I’ll tell you why I felt so awful: Because that moment, those few seconds and the look of confusion and concern on his white face, brought back to me with stark detail one of my own childhood fears: That my parents would leave me somewhere and never come to get me. Of course this never happened. It was a completely unfounded fear, a ridiculous uneasiness that had no source of reality whatsoever. But it didn’t matter; for at least the first six years of my life, probably longer, I was convinced that I’d be abandoned by my family.

I can recall many occasions, waiting for my mother to pick me up from school on days when she’d worked, waiting at school for my school bus when it was later than usual, even waiting for my ride home from a play date—and I would work myself into a state of frantic frenzy, anticipating what would happen to me when no one ever came to take me home. Why? What in the world caused this trepidation to bloom? I didn’t know anyone who’d been abandoned, wasn’t worldly enough at that point to watch the news and learn that yes, abandonment and worse does happen to some unfortunate children in this cruel world. So where did the frightened thoughts come from?

Who knows. I suppose there are very few childhood fears that make sense, really.

All I know is that seeing my son’s face brought it all flooding into my consciousness and I felt so terrible for having made him wait, for having left him to be singled out as the only little child whose parents hadn’t come. He climbed down from the chair where he’d been sitting, and I took his hand and held it tightly, apologizing profusely for my tardiness to the women who’d been keeping him company. Thank goodness a young memory is quick to change directions; even as we stepped out into the hall, Marcus was telling me about the cookies that a classmate had brought to class, one of which was wrapped in a napkin and clutched in his other paw.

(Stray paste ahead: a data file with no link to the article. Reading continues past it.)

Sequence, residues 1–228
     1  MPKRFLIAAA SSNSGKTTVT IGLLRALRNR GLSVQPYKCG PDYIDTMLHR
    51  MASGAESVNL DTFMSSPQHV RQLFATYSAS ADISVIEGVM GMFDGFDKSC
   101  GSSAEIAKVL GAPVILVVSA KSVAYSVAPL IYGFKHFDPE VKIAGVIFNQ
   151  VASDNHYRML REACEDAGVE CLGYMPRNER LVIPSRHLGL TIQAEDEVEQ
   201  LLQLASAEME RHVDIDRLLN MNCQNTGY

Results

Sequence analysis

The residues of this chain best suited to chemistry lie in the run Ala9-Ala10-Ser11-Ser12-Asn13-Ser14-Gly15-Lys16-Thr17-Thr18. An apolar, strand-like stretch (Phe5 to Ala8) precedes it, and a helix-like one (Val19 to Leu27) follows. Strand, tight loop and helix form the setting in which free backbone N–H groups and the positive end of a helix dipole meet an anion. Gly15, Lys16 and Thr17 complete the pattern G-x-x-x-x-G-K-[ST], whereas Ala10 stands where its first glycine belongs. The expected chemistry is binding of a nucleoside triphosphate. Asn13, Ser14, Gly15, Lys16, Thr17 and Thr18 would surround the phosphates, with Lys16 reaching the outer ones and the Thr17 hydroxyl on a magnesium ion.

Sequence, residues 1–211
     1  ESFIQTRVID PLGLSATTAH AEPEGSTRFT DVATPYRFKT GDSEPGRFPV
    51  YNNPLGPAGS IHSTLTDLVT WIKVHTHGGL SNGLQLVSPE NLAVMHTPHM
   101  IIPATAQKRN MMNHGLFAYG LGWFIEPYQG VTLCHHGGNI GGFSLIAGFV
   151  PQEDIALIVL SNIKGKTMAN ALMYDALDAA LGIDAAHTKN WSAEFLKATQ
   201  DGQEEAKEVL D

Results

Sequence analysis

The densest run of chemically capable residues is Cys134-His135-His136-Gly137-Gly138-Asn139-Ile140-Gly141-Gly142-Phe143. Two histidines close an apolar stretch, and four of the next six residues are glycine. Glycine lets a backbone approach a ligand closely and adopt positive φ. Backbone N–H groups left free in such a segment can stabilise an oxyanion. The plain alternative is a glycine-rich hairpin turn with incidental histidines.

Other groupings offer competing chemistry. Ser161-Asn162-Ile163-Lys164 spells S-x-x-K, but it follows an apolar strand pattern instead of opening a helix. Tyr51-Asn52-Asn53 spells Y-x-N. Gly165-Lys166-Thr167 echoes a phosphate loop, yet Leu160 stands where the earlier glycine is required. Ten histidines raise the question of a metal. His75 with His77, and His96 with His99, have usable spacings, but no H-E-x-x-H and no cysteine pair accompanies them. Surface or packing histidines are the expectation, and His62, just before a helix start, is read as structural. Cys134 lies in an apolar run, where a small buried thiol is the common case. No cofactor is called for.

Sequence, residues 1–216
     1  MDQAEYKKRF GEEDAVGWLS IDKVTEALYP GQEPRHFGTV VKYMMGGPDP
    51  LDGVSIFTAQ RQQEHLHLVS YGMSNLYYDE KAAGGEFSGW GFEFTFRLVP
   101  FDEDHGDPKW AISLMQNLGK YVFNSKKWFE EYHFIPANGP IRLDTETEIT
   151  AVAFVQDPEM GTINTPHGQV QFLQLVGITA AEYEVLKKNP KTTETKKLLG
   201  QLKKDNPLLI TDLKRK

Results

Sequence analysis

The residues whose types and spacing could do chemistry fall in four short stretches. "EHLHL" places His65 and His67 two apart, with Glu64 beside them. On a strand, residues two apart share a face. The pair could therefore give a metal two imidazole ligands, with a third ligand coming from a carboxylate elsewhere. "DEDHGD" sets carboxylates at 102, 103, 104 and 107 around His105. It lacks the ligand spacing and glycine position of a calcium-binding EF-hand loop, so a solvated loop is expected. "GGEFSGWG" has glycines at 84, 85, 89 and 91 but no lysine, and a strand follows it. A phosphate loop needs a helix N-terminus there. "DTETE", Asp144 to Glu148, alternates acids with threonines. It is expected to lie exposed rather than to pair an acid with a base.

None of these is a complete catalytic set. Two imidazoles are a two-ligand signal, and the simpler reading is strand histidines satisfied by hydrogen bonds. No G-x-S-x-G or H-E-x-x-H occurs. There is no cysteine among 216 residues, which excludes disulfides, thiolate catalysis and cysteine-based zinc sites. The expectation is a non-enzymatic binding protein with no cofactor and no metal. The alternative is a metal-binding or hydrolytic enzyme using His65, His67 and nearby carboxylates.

We made our way to the elevator, and he said, “Mommy, what were you thinking?”

“You mean when I couldn’t find you?”


“I was confused, Baby, because I went to your room and it was empty. The lights were out. And I had to ask the lady next door where you were.”

“You had to ask the lady next door?”

“Yes, Sweetie, because I didn’t know where to find you. The funny thing is, I probably ran right past you when I was on my way to your classroom. I didn’t even see you sitting there because I was in such a hurry to get you!”

“You went right past me?”


“And the room was empty and lights were out?”


So went the ride home, a thankfully short ride, with him rehashing each moment of the ordeal several times. And when we pulled into the garage and I unlatched his seat belt, I reminded him that if ever I were late picking him up, he should remember that I was on my way and he needn’t worry. I would never leave him. As the belt slipped free and I went to withdraw my arm, he reached out and hugged it to his chest. And I snuggled him back.

And made a mental note to leave rehearsal early next time.

Saturday, December 6, 2008

Another great flick

Okay, so I’m into the serious movies lately. My next one’ll be something simpler, I promise. But I’ve been pondering this one for a week or so now, and it earned a second viewing from me within that week. Not a common occurrence—I may have mentioned that before. The flick merits a blog post, for certain. And I believe it merits your viewing.

The movie is a documentary called Expelled: No Intelligence Allowed. It’s narrated, and guided, by the dead-pan voice of Ben Stein. Yep, the teacher from Ferris Bueller’s Day Off. The same guy who hosted that goofy show "Ben Stein’s Money." But this, truly, seems to be the role he was meant for: instigative inquirer. At its heart, the film explores the question of whether true scientific pursuits and the concept of a designer of life on earth are at cross-purposes; on the surface level, it discusses some examples of persecution by the scientific community (mostly in Amerika, I’m sad to note). Who’s being persecuted? According to Stein and Expelled producers, the persecuted are the few voices in the dark who dare to utter the phrase Intelligent Design. The movie goes other places, too, but that’s the gist of it.

Now, if you haven’t heard, Intelligent Design (a.k.a. ID) is the scientific moniker for acknowledgement that maybe, just maybe, life began even in its simplest form through an act of a very advanced, possibly supreme, designer. The very complexity and miraculous nature of the cell, of recreation, of life itself—all of those are amazing to the point of at least suggesting to me that there might be a creator. But ID doesn’t really even take the leap of identifying any sort of creator; all it says, in its basest form, is that intelligence and the life that leapt from it had to come from somewhere, had to be given or granted—that it couldn’t just rise up out of primordial soup thanks to a helpful bolt of lightning.